Glaciers of the Olympics

Glaciers of the Olympic Mountains. Map by Steph Abegg.
Glaciers on Mt. Olympus. Map by Steph Abegg.

Glacial ice is one of the foremost scenic and scientific features of Olympic National Park. There are several glaciers crowning the Olympics peaks. Even though most of the glaciers in the Olympics are quite small in contrast to the great rivers of ice found today in some other areas of the world, the glaciers in the Olympics can be quite rugged and impressive. The most prominent glaciers are those on Mount Olympus, covering approximately ten square miles in total. Beyond the Olympic complex are the glaciers of Mount Carrie, the Bailey Range, Mount Christie, and Mount Anderson, as well as other smaller glaciers throughout the range.

The movement of glacial ice, past and present, has produced striking geological features in the Olympic mountains. The lake basins, U-shaped valleys, and jagged peaks are the products of extensive glacial erosion that occurred many thousands of years ago when the year-round climate was colder and wetter. Glacial erosional processes continue today, but on a much smaller scale. As glaciers advance and retreat, rock is plucked, transported, and deposited by moving ice.  Rounded, subdued mountains are carved into sharp-pointed peaks (horns), broad ridges are excavated into narrow, even knife-edged forms (aretes), and in many cases, a glacially-created bowl (cirque) at the head of a glacial valley will be  sufficiently deepened or dammed by an end moraine to create a lake basin (tarn). The deposition of rock results in ground moraines consisting of rock blanketing the surface irregularly.  Much  rock accumulates on a glacier's sides forming lateral moraines  and end moraines form when a glacier's terminus is stationary for a time.  The furthest down-valley bend moraine is  a  terminal moraine.   The finely-ground rock "flour" created by glacial abrasion often makes glacial meltwater look milky.   Milky or "whitish" streams are a clue that there is an actively-moving glacier or glaciers upstream.

The glaciers on Mount Olympus, especially the Blue Glacier, have been studied intensely since 1957 by scientific groups seeking valuable data on the composition of an Olympic glacier and how the ice responds to the climate from one year to the next. With the temperature and precipitation trends of the recent years, many of the glaciers of the Olympics are shrinking as the summer melt exceeds the winter accumulation. Click here to see some glacier comparison photos showing some dramatic recession of several of the Olympics glaciers.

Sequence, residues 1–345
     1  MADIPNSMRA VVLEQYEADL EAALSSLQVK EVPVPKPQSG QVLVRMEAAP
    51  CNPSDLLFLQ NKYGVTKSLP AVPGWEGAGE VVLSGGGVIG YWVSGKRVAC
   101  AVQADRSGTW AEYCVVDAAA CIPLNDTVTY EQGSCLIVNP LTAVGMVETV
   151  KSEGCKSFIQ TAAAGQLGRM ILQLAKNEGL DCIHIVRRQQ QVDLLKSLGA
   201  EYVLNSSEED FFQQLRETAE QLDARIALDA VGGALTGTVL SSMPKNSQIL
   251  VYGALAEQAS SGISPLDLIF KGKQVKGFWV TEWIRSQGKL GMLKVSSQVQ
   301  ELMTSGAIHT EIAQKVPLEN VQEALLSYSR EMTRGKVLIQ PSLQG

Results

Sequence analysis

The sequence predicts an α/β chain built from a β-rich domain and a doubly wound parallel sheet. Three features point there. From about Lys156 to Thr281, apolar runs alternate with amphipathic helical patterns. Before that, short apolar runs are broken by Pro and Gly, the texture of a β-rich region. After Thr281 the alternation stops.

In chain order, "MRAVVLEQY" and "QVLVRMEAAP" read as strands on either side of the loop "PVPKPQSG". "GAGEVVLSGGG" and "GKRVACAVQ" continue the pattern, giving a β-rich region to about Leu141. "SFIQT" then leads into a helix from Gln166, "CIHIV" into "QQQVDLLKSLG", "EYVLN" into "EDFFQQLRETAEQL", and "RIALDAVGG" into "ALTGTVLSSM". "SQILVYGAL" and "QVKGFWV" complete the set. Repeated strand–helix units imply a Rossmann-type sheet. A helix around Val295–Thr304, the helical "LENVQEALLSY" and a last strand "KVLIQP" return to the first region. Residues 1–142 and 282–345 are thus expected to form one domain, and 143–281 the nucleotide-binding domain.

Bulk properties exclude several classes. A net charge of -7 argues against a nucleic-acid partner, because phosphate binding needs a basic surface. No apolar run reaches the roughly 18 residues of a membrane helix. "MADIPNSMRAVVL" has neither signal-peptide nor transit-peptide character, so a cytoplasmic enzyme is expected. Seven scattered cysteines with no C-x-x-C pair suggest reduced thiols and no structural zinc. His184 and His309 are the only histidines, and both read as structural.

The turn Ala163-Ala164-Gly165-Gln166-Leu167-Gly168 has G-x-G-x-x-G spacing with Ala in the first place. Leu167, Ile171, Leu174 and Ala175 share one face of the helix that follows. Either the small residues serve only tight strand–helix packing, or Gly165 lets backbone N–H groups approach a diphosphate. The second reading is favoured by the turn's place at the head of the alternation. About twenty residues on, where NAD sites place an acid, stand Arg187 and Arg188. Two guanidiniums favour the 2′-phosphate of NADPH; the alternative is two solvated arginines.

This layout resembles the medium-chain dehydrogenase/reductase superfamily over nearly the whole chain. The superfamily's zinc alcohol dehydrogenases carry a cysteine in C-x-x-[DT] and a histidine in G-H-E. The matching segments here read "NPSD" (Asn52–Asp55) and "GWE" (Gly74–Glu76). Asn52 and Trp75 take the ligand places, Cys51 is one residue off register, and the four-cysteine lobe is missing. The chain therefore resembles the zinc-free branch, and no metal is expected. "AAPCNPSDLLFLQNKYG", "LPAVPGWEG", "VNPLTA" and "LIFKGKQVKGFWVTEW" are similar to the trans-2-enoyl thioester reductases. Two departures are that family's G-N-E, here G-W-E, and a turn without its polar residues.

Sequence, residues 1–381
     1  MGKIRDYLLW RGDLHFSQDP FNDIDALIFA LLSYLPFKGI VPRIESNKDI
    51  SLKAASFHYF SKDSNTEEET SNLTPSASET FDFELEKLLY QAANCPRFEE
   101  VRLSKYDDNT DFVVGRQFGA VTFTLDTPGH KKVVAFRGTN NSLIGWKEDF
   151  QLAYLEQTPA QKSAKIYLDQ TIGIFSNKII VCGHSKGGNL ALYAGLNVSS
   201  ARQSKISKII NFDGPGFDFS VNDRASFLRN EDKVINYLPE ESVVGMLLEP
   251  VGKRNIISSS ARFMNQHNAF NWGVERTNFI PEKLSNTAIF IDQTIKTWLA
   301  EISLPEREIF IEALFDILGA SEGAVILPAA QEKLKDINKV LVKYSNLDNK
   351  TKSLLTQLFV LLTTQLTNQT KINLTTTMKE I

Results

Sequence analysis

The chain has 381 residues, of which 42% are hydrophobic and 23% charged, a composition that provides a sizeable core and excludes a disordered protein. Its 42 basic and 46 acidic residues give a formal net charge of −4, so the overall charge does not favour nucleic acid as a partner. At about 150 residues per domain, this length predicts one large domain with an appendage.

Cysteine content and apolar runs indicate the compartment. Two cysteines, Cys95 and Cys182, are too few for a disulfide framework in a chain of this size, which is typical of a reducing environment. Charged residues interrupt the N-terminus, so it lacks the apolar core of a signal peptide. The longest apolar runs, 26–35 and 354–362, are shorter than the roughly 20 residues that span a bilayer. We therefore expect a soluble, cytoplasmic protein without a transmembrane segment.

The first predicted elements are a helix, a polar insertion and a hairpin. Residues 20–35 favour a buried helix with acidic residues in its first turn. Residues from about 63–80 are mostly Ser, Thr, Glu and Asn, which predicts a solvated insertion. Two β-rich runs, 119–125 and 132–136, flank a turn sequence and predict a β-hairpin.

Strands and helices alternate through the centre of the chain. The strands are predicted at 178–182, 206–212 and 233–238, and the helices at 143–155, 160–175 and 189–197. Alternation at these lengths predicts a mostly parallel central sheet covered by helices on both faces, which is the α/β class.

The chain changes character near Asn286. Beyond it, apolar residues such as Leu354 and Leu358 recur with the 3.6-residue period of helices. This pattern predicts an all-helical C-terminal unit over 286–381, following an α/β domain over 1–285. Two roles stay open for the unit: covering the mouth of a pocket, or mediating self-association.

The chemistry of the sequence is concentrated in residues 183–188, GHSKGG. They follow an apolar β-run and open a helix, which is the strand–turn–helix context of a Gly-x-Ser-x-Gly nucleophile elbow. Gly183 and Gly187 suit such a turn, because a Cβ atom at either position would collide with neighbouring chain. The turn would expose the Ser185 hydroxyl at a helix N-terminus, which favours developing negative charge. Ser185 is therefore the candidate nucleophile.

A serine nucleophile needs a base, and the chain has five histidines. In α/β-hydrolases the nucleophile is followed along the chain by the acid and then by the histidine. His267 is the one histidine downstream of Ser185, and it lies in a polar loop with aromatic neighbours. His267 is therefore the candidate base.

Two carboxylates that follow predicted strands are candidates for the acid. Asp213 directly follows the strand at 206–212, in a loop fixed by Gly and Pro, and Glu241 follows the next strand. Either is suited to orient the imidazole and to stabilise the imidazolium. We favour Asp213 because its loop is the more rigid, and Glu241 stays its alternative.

Below is a list of the major glaciers of the Olympic Mountains, along with photos.

The 15 Glaciers of the Olympic Mountains recognized by the USGS Board of Geographic Names

Mount Olympus
Blue Glacier · Hoh Glacier · Hubert Glacier · Humes Glacier · Jeffers Glacier · White Glacier

Mount Anderson
Anderson Glacier · Eel Glacier · Hanging Glacier

Other mountains
Cameron Glaciers · Carrie Glacier · Fairchild Glacier · Ice River Glacier · Lillian Glacier · Queets Glacier

The USGS GNIS Database gives the following statistics for these 15 glaciers:

Glaciers on Mount Olympus
Blue Glacier
Aerial photo by John Scurlock, Sept 23, 2007.
Jefferson 474835N 1234114W 5463 Mount Olympus
Hoh Glacier
Photo by Steph Abegg, July 10, 2007.
Jefferson 474754N 1234013W 5223 Mount Olympus
Hubert Glacier
Photo by Steph Abegg, July 8, 2007.
Jefferson 474700N 1234240W 4429 Mount Olympus
Humes Glacier
Photo by Ron Hayward.
Jefferson 474724N 1233903W 5430 Mount Olympus
Jeffers Glacier
Photo by Mike MacFerrin.
Jefferson 474638N 1234016W 5056 Mount Olympus
White Glacier
Photo by Jon Higgins.
Jefferson 474807N 1234435W 5673 Mount Olympus
Glaciers on Mount Anderson
Anderson Glacier
Photo by Kevin Koski.
Jefferson 474237N 1231956W 5233 Mount Steel
Eel Glacier
Photo by Long Bach Nguyen.
Jefferson 474356N 1232024W 5535 Mount Steel
Hanging Glacier
Photo by John Scurlock Sept 2007.
Jefferson 474354N 1231926W 5233 Mount Steel
Glaciers on Other Mountains
Cameron Glaciers
Photo by ekthorson.
Jefferson 474937N 1231936W 6480 Wellesley Peak
Carrie Glacier
Photo by David Williams.
Clallam 475329N 1233805W 5938 Mount Carrie
Fairchild Glacier
Photo by Lee Petersen.
Clallam 475424N 1233745W 6076 Mount Carrie
Ice River Glacier
Photo by John Scurlock.
Jefferson 474930N 1234017W 5495 Mount Olympus
Lillian Glacier
(Lillian Glacier to right, Grand Pass left). Photo by Rod Gilbert.
Jefferson 475107N 1232238W 6273 McCartney Peak
Queets Glacier
Photo by Larry Workman.
Jefferson 474604N 1233606W 5485 Mount Queets

Glaciers of the Olympic Mountains with Unofficial Names

Black Glacier
Christie Glacier
Photo by John Scurlock.
Crystal Glacier
Photo by John Scurlock.
Delabarre Glaciers
Photo by John Scurlock.
Desperation Glacier
(Desperation Glacier on right.) Photo by John Scurlock.
Geri-Freki Glacier
Photo by John Myers.
Linsley Glacier
(Below West Peak)

Photo by John Scurlock Sept 2007.
Mystery Glacier
Photo by Paul Gelineau.
White Mtn Glacier
Photo by John Scurlock.